The course is open to applications from all interested Ph.D. students. PhD students at the Department of Sociology and Human Geography at the University of Oslo gain theory-points and register for the course in StudentWeb.
Interested participants outside the department shall fill out this application form.
The deadline for applications is 27th October 2017.
The course is located in room 221, Harriet Holters Building all days except on Wednesday - room 124, same building.
Monday 27 November
09.00–09.15 Welcome and introductions
13.15–16.00 Presentations by PhD candidates
Tuesday 28 November
13.00–16.45 Presentations by PhD candidates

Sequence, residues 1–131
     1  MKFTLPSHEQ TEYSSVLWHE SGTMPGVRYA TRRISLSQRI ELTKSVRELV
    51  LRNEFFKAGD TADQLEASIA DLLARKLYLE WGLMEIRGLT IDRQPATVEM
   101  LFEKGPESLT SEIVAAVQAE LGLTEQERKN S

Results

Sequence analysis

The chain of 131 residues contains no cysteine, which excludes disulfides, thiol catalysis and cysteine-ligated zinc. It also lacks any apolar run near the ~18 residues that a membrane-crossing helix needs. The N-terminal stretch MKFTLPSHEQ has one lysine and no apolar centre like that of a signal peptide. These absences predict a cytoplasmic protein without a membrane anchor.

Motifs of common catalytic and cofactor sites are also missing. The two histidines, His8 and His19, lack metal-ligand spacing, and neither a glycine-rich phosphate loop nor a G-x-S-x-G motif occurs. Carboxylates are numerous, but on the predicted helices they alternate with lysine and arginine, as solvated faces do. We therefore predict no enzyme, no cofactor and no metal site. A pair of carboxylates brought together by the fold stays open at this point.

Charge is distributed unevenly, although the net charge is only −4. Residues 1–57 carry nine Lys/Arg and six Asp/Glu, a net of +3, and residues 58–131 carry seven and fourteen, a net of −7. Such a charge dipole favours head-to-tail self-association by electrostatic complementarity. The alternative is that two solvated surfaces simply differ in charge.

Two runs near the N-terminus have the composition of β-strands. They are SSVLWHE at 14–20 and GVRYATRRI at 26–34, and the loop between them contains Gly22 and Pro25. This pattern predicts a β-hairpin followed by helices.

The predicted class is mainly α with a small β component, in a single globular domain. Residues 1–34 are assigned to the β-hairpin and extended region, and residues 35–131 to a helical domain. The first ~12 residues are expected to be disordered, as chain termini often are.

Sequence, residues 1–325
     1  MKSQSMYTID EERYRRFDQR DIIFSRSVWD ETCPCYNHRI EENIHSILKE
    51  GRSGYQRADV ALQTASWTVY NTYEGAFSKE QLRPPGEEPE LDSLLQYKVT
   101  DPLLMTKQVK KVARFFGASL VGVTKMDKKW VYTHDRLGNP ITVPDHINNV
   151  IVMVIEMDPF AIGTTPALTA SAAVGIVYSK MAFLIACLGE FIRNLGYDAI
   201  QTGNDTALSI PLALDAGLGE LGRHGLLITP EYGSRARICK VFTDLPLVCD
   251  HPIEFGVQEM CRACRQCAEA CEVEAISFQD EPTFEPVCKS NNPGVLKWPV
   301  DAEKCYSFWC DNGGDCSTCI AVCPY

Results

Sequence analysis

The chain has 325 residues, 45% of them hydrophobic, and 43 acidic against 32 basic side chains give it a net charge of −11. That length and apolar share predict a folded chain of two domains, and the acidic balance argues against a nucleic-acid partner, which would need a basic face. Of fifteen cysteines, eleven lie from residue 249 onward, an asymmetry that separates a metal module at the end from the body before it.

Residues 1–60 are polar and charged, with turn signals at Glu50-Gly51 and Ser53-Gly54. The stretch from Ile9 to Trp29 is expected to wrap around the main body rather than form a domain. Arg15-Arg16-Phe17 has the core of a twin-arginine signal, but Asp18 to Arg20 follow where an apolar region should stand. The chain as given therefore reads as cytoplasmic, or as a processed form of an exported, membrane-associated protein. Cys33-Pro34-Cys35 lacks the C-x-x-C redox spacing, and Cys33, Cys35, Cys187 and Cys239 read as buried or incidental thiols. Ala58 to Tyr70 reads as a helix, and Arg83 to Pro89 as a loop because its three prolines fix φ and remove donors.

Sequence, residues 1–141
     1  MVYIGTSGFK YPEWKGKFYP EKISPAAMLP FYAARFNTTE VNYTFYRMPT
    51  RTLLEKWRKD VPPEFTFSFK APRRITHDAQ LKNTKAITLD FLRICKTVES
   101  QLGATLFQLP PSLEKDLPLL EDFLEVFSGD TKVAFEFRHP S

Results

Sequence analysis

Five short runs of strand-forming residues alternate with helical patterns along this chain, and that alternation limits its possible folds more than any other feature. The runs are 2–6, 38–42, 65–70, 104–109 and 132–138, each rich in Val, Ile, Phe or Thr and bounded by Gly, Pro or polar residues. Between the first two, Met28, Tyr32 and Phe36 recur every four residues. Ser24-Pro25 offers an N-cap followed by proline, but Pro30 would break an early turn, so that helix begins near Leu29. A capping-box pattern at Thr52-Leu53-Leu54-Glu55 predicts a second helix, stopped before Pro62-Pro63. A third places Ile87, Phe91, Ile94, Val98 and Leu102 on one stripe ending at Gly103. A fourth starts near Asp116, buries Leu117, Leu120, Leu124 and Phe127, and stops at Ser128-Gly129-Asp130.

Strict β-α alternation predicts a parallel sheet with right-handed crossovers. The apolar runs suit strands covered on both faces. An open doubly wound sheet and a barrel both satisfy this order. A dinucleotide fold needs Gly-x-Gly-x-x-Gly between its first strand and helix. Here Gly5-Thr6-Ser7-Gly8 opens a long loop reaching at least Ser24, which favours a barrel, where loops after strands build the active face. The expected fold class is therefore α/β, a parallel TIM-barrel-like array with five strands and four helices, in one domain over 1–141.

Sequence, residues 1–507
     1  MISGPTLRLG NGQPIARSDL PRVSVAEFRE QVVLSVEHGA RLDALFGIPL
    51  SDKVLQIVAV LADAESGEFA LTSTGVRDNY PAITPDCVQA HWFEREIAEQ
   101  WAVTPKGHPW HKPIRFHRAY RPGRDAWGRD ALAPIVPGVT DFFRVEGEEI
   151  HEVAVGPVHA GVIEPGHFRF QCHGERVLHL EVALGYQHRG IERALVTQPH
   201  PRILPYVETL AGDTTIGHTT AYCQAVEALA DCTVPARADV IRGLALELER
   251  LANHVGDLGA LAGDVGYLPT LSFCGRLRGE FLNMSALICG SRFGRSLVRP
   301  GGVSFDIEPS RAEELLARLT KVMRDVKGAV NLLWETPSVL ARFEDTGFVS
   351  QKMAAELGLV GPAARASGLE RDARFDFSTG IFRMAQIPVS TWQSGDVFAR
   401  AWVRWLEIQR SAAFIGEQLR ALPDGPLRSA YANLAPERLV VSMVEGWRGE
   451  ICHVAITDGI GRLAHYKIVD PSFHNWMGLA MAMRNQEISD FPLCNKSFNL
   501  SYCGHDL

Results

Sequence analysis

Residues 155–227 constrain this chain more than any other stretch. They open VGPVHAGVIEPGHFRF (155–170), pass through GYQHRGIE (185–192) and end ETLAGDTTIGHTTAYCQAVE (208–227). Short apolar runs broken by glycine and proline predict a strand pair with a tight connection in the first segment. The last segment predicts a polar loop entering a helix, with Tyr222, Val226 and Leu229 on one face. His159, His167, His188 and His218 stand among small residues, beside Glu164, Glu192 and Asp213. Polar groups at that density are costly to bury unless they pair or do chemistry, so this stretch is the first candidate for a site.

Wednesday 29 November
13.00–16.00 Presentations by PhD candidates
Thursday 30 November
13.00–15.00 Presentations by PhD candidates
15.00–16.00 Concluding discussion
NB! Detailed schedule is to come!
Reading list from Jane M Jacobs:
Re-approaching the Built Environment
These readings have been chosen with the following learning objectives in mind:
• to give you an insight into where I am coming from as a scholar: why am I interested in the built environment and what questions I ask of it, and why?
• to expose you to a range of approaches to the built environment.
You do not have to read all the papers, but do read at least one from each section.
Jane M Jacobs on architecture and buildings
Jacobs, Jane M., 2006. A geography of big things. Cultural geographies, 13(1), 1-27.
Cairns, S. and Jacobs, Jane M. (2014) Buildings Must Die: A Perverse View of Architecture. MIT Press. Chapter 4 Towards a general economy of architecture; Chapter 6 Obsolescence.